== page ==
If “Weird Al” Yankovic didn’t already exist, the universe would surely be required to invent him. Between his dozens of pitch-perfect song parodies —which were some of the smartest things to be found on MTV in the 1980s and ’90s—his certifiably insane feature film UHF, and 2014’s excellent album Mandatory Fun, I honestly can’t imagine that anyone is unaware of what a true American treasure this man is. To give you an idea of his breadth of output and rabid fanbase, we already devoted a whole article earlier this week to his album cuts and folks responded with a grip of other great suggestions in the Facebook comments. Add in the fact that Yankovic’s stage show builds in multiple costume changes and non-stop energy, and this is a slam-dunk you should get to if you can. —CL


Funky Mondays. High Noon Saloon, 6 p.m.


Andy McKee, Owen Campbell. High Noon Saloon, 8 p.m.

To many folks, Topeka, Kansas-based acoustic guitarist and former YouTube sensation Andy McKee has been running victory laps around that video for his impressively technical and surprisingly tasteful reworking of Toto’s “Africa,” which tapped into the essence of the tune’s rhythm, chords, and vocal melodies simultaneously in a clever, finger-style adaptation for one guitar. It’s also worth noting that during McKee’s surge in popularity, scores of metalcore, third-wave emo, and even indie-rock bands were in a race to see who could write the most pointlessly technical guitar riffs and attempted to add new context and semi-mainstream allure to guitar techniques—like sweep-picking and finger-tapping—that were once reserved for prog-rockers, hair-metal wanks, and Scandinavian power-metal bands singing about lowering drawbridges and slaying dragons. And hey, for a while, it was easy to get swept up in the showmanship and forget about how this new focus on technicality neglected things like feelings. In McKee’s case, the gorgeous chord voicings and melodies of “Drifting” and the tap-happy ballad “Into The Ocean” kind of proved that you could deliberately craft something stupidly technical without draining it of emotional content. McKee is currently touring behind this year’s live album Live Book. —JS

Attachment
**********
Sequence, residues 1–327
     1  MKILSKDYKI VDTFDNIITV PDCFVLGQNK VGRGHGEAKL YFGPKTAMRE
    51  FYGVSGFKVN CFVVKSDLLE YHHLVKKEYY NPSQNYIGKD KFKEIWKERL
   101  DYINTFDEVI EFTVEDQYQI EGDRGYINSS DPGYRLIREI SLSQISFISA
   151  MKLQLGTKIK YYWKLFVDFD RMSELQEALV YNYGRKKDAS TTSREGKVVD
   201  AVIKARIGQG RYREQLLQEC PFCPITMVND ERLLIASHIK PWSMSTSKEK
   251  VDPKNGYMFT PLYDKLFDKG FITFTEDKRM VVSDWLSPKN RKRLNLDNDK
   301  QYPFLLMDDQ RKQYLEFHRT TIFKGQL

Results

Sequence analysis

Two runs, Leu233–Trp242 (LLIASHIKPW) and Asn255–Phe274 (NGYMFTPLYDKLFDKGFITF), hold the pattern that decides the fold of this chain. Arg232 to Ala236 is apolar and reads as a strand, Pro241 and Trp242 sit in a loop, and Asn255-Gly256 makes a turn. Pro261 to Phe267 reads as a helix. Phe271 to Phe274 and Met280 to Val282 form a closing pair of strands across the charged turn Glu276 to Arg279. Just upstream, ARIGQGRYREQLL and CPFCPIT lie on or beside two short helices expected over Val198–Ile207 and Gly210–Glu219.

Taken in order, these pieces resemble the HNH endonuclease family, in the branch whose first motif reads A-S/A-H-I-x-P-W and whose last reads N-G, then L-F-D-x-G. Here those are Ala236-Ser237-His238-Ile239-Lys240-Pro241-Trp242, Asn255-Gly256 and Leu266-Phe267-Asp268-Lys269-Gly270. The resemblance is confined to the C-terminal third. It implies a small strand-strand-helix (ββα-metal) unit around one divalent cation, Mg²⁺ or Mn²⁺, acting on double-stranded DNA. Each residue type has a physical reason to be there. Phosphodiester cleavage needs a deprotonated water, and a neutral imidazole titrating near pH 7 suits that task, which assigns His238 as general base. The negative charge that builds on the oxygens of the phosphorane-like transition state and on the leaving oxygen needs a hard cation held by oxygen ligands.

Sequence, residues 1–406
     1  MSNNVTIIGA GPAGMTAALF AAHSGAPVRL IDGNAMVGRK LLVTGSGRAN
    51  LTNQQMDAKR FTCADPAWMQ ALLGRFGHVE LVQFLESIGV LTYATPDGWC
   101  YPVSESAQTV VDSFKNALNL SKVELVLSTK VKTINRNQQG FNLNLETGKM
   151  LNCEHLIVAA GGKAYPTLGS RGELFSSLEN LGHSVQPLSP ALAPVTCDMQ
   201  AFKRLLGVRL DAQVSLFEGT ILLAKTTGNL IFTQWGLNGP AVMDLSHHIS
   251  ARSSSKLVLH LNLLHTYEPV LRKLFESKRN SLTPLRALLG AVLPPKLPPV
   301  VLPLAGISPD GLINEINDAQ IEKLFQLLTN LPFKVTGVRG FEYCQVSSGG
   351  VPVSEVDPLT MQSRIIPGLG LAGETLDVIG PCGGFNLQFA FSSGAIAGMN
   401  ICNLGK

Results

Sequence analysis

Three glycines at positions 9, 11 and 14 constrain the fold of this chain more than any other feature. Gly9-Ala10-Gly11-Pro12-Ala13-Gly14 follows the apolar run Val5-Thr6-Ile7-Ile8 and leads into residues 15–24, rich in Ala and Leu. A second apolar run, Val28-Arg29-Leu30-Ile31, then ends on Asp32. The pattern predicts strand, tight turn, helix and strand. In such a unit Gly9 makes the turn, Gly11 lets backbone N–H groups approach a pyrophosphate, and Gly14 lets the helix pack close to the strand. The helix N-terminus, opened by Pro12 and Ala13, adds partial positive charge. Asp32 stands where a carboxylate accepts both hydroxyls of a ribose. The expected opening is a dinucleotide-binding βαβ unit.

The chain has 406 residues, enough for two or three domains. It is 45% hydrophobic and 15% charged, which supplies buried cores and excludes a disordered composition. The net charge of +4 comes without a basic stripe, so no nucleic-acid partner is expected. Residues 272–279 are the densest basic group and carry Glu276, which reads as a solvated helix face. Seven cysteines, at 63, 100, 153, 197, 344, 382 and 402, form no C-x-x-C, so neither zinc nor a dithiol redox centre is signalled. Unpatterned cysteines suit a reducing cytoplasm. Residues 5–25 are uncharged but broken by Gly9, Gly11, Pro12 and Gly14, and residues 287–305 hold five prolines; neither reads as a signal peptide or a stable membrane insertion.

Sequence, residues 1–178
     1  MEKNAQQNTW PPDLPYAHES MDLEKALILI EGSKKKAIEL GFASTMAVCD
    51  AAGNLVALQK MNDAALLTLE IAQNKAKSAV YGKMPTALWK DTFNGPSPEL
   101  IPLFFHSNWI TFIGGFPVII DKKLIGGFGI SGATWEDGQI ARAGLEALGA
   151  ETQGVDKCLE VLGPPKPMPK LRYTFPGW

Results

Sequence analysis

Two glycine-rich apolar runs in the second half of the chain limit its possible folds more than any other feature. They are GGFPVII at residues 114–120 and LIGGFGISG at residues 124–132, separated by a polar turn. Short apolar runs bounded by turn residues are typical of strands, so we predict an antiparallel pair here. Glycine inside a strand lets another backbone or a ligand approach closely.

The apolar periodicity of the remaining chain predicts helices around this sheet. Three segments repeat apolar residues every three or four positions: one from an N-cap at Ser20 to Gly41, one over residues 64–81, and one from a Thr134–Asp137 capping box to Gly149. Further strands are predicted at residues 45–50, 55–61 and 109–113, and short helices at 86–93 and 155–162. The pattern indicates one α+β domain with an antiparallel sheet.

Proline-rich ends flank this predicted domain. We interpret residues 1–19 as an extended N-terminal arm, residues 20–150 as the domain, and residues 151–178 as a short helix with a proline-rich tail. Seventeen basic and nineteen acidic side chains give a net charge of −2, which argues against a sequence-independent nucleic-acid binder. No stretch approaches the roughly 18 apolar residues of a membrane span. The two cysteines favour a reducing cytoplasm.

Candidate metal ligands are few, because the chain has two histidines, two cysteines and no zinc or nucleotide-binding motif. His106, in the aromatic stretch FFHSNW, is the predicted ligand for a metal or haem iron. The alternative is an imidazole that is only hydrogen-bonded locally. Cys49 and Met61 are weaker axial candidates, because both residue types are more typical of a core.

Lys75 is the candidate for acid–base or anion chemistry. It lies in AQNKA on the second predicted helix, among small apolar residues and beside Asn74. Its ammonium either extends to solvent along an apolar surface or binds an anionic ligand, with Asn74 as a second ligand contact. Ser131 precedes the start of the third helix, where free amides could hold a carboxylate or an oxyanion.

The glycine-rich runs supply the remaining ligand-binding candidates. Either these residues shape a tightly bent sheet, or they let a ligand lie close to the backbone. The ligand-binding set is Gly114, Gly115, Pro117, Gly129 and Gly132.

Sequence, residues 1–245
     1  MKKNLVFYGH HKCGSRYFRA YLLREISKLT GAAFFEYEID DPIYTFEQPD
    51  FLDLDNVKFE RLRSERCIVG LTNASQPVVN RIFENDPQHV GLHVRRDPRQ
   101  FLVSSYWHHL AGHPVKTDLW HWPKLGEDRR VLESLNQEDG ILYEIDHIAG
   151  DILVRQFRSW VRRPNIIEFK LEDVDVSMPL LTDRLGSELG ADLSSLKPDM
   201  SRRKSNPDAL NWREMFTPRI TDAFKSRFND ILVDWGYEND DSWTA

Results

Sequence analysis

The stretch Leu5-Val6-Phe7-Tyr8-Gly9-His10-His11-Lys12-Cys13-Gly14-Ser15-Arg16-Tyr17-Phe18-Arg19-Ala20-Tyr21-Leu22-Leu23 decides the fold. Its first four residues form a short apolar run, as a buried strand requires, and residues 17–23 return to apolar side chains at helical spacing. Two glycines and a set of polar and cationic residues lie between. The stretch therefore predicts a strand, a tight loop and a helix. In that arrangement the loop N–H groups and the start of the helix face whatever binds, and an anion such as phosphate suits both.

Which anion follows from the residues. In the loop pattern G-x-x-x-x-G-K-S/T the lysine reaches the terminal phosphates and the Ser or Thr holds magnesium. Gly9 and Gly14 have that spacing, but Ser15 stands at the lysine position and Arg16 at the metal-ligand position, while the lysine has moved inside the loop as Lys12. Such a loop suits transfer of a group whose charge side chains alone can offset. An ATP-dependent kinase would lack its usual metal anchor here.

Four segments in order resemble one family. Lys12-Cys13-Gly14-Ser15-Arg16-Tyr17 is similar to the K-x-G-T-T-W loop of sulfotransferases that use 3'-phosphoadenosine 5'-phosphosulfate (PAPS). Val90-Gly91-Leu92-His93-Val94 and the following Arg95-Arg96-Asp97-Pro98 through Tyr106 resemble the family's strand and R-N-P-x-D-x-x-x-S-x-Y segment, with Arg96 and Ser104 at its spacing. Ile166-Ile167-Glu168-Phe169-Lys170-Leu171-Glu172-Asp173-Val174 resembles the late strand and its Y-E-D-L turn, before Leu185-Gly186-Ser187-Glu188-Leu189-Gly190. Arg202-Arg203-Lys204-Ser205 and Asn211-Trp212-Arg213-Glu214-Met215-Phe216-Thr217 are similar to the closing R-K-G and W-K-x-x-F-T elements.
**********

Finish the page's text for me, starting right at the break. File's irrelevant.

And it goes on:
Neiv, Brilliant Beasts, The Momotaros, Post Social. Mickey’s Tavern, 10 p.m. (free)

Neiv is a trio from northern Italy whose most recent album, 2015’s Lightless, offers a particularly eerie, spacious, and slow-paced take on shoegaze. “Light, Make It Real” hovers between reassuring melody and creepy dissonance, never quite reaching a climactic outburst but instead shifting through different arrangements of synth pads and delayed guitar. Other standouts, like “Drooga” and “Everything,” are built around sparse, ringing guitar phrases and the band’s alternately cavernous and ethereal vocals. The familiar elements of shoegaze and goth-rock are present throughout, but Neiv patiently and resourcefully twist them into darkly beautiful songs. —SG